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Why the Queer Community Has Gathered Around TTRPGs

Dungeons & Dragons and other TTRPGs used to be closed off to many, but lately, these games have become beacons to the queer community. Here’s why.

Dungeons & Dragons has had a reputation of being overcrowded with cisgender men since its creation. More recently, however, on platforms such as TikTok and Instagram and in D&D actual play shows, playing D&D has become increasingly popular among the queer community. This change in the demographics of the D&D community has really become more prominent in the last few years, and it’s been accompanied by a change in the type of content seen in tabletop role-playing games, as well.

Such a shift reflects not only the content in these games but also the way that they’re played. So what aspects of TTRPGs have led to the creation of a subculture of queer people who are passionate about fantasy role-playing games?

Related: D&D: 4 House Rules to Keep the Game Moving

One of the great things about tabletop role-playing games that largely exist in imagination is that players can be anything they want. This is a lovely thing for queer folks, especially those who are in the process of recreating themselves. In the real world, queer people are always subjected to being described in a way that people see them. Gendered terms and pronouns may be misattributed to them based on their appearance. Creating a character in a TTRPG allows players to wholly describe who they will be playing as, including what the character looks like and how they identify themselves. This can be a fun opportunity for those questioning their gender or pronouns to test out how it feels to be referred to differently. The ability to do this in TTRPGs when most video games, TV series, and other media don’t offer the same representation can be an amazing feeling.

Playing TTRPGs can foster a sense of community that many queer people leave when they start living their lives how they wish. Spending hours together playing games, coming up with stories, and enjoying each other’s company creates a sense of found family both in and out of the game. A party of ragamuffin characters fleeing something in their old lives only to find a group of friends to adventure with reflects the real felt experiences of many queer people. The TTRPG community is also highly accepting and loving of queer people and creates opportunities for them to be centered in representation through things like D&D actual plays such as Dimension 20.

TTRPGs are also highly focused on consent and producing an equally enjoyable experience for everyone at the table. Especially in campaigns and games where characters fall in love, are betrayed, lose loved ones, and die, consent between players and Game Masters is very important. This consent-based playstyle extends to the rules of TTRPGs as well, since many of them are very flexible. Having the freedom to explore different emotions, relationships, and identities surrounded by others who understand and respect boundaries is a wonderful thing for queer people. In queer relationships and with self-identification — both which allow people to create their own rules — consent and understanding each other’s desires are very important. This commonality in TTRPGs and the queer community has brought a natural overlay between the two communities.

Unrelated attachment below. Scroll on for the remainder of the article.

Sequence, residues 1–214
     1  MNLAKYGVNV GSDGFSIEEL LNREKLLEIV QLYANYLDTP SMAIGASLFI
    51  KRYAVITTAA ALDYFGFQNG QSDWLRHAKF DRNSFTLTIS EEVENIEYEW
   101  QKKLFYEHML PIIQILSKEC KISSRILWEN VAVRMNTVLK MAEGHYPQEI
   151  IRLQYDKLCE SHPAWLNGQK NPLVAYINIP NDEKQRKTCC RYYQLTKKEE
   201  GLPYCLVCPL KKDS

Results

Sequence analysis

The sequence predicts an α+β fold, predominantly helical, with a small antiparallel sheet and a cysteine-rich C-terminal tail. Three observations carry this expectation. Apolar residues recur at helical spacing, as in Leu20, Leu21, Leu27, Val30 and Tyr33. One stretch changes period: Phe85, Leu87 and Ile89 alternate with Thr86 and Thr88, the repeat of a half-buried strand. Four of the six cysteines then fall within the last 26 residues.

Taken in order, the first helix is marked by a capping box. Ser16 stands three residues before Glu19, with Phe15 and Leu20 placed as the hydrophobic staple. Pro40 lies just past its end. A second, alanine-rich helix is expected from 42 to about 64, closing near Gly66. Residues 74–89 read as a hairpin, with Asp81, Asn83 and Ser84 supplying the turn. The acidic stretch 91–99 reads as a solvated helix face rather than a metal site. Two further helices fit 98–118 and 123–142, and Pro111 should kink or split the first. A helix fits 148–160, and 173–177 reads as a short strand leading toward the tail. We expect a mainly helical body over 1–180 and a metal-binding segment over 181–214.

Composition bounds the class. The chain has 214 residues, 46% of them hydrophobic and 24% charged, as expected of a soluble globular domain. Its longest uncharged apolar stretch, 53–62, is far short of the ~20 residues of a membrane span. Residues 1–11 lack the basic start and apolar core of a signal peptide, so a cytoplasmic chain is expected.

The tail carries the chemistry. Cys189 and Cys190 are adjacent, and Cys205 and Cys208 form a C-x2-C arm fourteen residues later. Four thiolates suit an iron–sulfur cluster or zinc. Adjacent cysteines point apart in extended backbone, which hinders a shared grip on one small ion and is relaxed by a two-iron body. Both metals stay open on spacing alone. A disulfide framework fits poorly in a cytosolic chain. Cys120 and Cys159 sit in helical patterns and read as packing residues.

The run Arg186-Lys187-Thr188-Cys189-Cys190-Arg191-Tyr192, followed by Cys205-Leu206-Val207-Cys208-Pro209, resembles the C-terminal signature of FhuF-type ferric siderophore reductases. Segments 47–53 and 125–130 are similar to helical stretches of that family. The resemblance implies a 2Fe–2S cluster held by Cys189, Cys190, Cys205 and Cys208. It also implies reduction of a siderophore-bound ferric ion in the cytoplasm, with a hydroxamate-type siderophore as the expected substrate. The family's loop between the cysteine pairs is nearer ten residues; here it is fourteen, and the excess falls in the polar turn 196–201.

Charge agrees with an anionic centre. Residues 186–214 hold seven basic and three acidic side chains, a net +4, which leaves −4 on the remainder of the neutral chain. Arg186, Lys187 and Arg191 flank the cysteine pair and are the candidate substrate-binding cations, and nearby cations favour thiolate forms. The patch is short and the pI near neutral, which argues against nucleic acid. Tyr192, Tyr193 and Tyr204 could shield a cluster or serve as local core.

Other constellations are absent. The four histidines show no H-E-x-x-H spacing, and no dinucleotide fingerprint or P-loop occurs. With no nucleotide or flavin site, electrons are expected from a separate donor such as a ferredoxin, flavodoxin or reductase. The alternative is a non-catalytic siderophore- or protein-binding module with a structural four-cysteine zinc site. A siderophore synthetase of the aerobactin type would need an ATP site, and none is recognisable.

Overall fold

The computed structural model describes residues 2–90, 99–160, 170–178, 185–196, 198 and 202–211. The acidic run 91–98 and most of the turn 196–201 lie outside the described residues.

Related: Five Unique Fantasy RPGs and What They Do Better Than D&D

Outside actual plays, the TTRPG scene is filled with queer content. The easiness of making TTRPG rules and systems has led to a whole slew of systems and stories that are made by and for queer people. Games like Thirsty Sword Lesbians use the Powered by the Apocalypse ruleset to bring players into sapphic tales, turning enemies into lovers and lovers into enemies. The themes and adventures TTRPG players use are entirely up to them, no matter what system they are using. Players can use any number of 5th Edition supplements that contain queer content or are free to create their own.

World-building in TTRPGs can also give players the power to create societal norms that differ from our own. The culture around TTRPG writing has slowly been moving away from racial biases where fantasy races and lineages are able to choose their own destiny and be members of a society that doesn’t see their race as inherently “evil.” Game Masters and players can create worlds where the societal tension that stems from differences in race, gender, and sexuality doesn’t exist. Players can come to these worlds and focus on adventures while being and loving who they’d like. Unfortunately, for many people, living an authentically queer life in the real world is as much of a fantasy as magic, goblins, and dragons.

Aaron is a D&D Features Writer for CBR. They have been playing video games since middle school, taking an immediate liking to Assassin’s Creed. Since 2020 his new hyper-fixation has been D&D, working up quickly from player to obsessed Dungeon Master. When they’re not playing D&D, they’re either slinging drinks as a barista or snuggling with their cats and reading one of the ten books they’ll never finish.

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